Biodiversity is specifically the number of different species. An area with large populations of few species is not biodiverse.
If the numbers of one species are affected, there are almost always knock-on consequences. A simple food chain is:
algae → zooplankton → sand eel → puffin → arctic skua
If the numbers of zooplankton are reduced by pollution, such as plastic waste, then more algae will grow and the population of other consumers will fall.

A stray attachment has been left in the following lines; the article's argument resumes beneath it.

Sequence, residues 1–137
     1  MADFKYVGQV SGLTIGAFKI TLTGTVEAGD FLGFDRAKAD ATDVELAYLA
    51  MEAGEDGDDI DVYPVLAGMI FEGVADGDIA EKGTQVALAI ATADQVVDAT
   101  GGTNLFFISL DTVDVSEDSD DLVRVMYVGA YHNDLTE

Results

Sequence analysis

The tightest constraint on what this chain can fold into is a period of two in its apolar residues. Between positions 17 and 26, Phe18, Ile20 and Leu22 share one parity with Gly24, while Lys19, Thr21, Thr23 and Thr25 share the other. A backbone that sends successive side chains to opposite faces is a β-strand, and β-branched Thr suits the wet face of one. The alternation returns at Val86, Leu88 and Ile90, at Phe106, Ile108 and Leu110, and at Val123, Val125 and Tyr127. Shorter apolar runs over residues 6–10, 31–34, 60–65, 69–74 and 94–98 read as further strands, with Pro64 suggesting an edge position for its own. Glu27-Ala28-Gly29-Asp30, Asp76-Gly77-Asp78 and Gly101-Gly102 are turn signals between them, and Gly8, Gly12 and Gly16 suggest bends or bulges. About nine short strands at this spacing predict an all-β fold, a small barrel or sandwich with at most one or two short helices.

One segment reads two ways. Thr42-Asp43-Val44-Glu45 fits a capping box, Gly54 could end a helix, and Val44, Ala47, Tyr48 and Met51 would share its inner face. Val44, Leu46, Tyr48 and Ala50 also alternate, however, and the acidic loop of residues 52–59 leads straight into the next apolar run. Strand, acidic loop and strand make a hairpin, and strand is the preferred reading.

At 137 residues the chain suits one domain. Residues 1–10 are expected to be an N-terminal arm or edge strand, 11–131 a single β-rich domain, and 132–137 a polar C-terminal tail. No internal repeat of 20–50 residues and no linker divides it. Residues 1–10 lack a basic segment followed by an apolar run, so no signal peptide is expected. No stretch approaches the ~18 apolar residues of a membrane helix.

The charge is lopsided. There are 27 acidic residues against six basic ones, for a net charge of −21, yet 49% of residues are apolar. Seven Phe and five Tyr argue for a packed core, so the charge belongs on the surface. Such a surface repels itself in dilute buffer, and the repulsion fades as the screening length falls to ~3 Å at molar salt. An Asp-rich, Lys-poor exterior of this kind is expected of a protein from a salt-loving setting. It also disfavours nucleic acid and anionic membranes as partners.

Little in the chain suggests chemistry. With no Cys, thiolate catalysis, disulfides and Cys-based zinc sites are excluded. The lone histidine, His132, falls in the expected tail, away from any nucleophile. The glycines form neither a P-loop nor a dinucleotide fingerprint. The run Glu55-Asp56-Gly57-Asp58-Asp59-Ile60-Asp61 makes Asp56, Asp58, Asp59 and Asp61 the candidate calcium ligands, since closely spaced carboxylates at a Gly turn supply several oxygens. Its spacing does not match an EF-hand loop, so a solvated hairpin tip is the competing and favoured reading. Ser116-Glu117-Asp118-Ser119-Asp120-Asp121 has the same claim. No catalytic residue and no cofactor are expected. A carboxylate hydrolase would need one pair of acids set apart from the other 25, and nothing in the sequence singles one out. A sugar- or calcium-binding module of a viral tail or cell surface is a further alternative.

Ecosystems with higher biodiversity have fewer species that depend on just one other for food, shelter and maintaining their environment. With the example above, puffins could also eat molluscs and worms. Ecosystems with higher biodiversity are more stable as they can easily adjust to changes.
We are slowly realising that the future of our species on Earth depends on maintaining high biodiversity. There are a number of reasions for this: